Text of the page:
Pain 07/2012; 153(10):2083-91. · 5.64 Impact Factor
  • Michele Curatolo
    Scandinavian Journal of Pain 07/2012; 3(3):149–150.
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    ABSTRACT: Cervical zygapophysial joint nerve blocks typically are performed with fluoroscopic needle guidance. Descriptions of ultrasound-guided block of these nerves are available, but only one small study compared ultrasound with fluoroscopy, and only for the third occipital nerve. To evaluate the potential usefulness of ultrasound-guidance in clinical practice, studies that determine the accuracy of this technique using a validated control are essential. The aim of this study was to determine the accuracy of ultrasound-guided nerve blocks of the cervical zygapophysial joints using fluoroscopy as control. Sixty volunteers were studied. Ultrasound-imaging was used to place the needle to the bony target of cervical zygapophysial joint nerve blocks. The levels of needle placement were determined randomly (three levels per volunteer). After ultrasound-guided needle placement and application of 0.2 ml contrast dye, fluoroscopic imaging was performed for later evaluation by a blinded pain physician and considered as gold standard. Raw agreement, chance-corrected agreement κ, and chance-independent agreement Φ between the ultrasound-guided placement and the assessment using fluoroscopy were calculated to quantify accuracy. One hundred eighty needles were placed in 60 volunteers. Raw agreement was 87% (95% CI 81-91%), κ was 0.74 (0.64-0.83), and Φ 0.99 (0.99-0.99). Accuracy varied significantly between the different cervical nerves: it was low for the C7 medial branch, whereas all other levels showed very good accuracy. Ultrasound-imaging is an accurate technique for performing cervical zygapophysial joint nerve blocks in volunteers, except for the medial branch blocks of C7.
    Anesthesiology 06/2012; 117(2):347-52. · 5.16 Impact Factor
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    ABSTRACT: The suprascapular nerve (SSN) block is frequently performed for different shoulder pain conditions and for perioperative and postoperative pain control after shoulder surgery. Blind and image-guided techniques have been described, all of which target the nerve within the supraspinous fossa or at the suprascapular notch. This classic target point is not always ideal when ultrasound (US) is used because it is located deep under the muscles, and hence the nerve is not always visible. Blocking the nerve in the supraclavicular region, where it passes underneath the omohyoid muscle, could be an attractive alternative. In the first step, 60 volunteers were scanned with US, both in the supraclavicular and the classic target area. The visibility of the SSN in both regions was compared. In the second step, 20 needles were placed into or immediately next to the SSN in the supraclavicular region of 10 cadavers. The accuracy of needle placement was determined by injection of dye and following dissection. In the supraclavicular region of volunteers, the nerve was identified in 81% of examinations (95% confidence interval [CI], 74%-88%) and located at a median depth of 8 mm (interquartile range, 6-9 mm). Near the suprascapular notch (supraspinous fossa), the nerve was unambiguously identified in 36% of examinations (95% CI, 28%-44%) (P < 0.001) and located at a median depth of 35 mm (interquartile range, 31-38 mm; P < 0.001). In the cadaver investigation, the rate of correct needle placement of the supraclavicular approach was 95% (95% CI, 86%-100%). Visualization of the SSN with US is better in the supraclavicular region as compared with the supraspinous fossa. The anatomic dissections confirmed that our novel supraclavicular SSN block technique is accurate.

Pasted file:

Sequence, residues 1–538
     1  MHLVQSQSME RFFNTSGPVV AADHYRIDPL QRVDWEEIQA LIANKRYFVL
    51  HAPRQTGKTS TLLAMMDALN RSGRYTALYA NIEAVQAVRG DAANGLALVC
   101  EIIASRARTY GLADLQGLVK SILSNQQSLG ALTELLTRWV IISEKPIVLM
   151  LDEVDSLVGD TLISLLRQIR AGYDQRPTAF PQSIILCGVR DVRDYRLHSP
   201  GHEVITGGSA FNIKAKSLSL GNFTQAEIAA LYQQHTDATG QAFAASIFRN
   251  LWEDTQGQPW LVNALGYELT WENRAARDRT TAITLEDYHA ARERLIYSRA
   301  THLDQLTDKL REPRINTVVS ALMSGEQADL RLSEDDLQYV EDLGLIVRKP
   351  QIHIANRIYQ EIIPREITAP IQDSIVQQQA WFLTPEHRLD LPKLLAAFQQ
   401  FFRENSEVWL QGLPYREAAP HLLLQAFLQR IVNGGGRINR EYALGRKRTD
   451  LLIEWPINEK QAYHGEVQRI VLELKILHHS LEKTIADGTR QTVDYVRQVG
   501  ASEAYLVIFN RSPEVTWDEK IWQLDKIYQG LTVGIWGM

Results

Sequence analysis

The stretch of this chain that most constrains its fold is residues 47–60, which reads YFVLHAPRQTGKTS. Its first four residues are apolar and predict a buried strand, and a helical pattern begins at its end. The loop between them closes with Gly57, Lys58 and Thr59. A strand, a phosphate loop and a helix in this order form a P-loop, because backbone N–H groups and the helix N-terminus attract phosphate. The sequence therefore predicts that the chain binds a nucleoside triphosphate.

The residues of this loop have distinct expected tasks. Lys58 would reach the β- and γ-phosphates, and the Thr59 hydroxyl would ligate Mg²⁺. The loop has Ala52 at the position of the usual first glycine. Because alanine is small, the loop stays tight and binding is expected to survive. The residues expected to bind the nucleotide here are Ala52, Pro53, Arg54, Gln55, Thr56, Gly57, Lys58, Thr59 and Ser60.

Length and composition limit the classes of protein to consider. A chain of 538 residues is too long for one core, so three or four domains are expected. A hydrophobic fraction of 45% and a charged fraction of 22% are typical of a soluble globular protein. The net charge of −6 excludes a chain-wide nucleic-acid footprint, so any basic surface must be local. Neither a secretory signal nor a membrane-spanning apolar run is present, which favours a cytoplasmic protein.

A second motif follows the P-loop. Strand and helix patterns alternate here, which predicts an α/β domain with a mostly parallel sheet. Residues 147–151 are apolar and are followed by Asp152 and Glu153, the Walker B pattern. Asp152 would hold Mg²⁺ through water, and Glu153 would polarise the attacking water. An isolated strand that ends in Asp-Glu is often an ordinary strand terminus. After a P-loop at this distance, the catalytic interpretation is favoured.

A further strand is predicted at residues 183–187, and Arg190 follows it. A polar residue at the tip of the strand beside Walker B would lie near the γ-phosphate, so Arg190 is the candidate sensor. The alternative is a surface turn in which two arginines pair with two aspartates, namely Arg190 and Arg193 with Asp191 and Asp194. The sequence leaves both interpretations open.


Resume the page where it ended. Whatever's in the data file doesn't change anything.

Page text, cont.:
Regional anesthesia and pain medicine 02/2012; 37(3):325-8. · 4.16 Impact Factor
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    ABSTRACT: Diffuse noxious inhibitory control (DNIC) is described as one possible mechanism of acupuncture analgesia. This study investigated the analgesic effect of acupuncture without stimulation compared to nonpenetrating sham acupuncture (NPSA) and cold-pressor-induced DNIC. Forty-five subjects received each of the three interventions in a randomized order. The analgesic effect was measured using pressure algometry at the second toe before and after each of the interventions. Pressure pain detection threshold (PPDT) rose from 299 kPa (SD 112 kPa) to 364 kPa (SD 144), 353 kPa (SD 135), and 467 kPa (SD 168) after acupuncture, NPSA, and DNIC test, respectively. There was no statistically significant difference between acupuncture and NPSA at any time, but a significantly higher increase of PPDT in the DNIC test compared to acupuncture and NPSA. PPDT decreased after the DNIC test, whereas it remained stable after acupuncture and NPSA. Acupuncture needling at low pain stimulus intensity showed a small analgesic effect which did not significantly differ from placebo response and was significantly less than a DNIC-like effect of a painful noninvasive stimulus.
    Evidence-based Complementary and Alternative Medicine 01/2012; 2012:785613. · 1.72 Impact Factor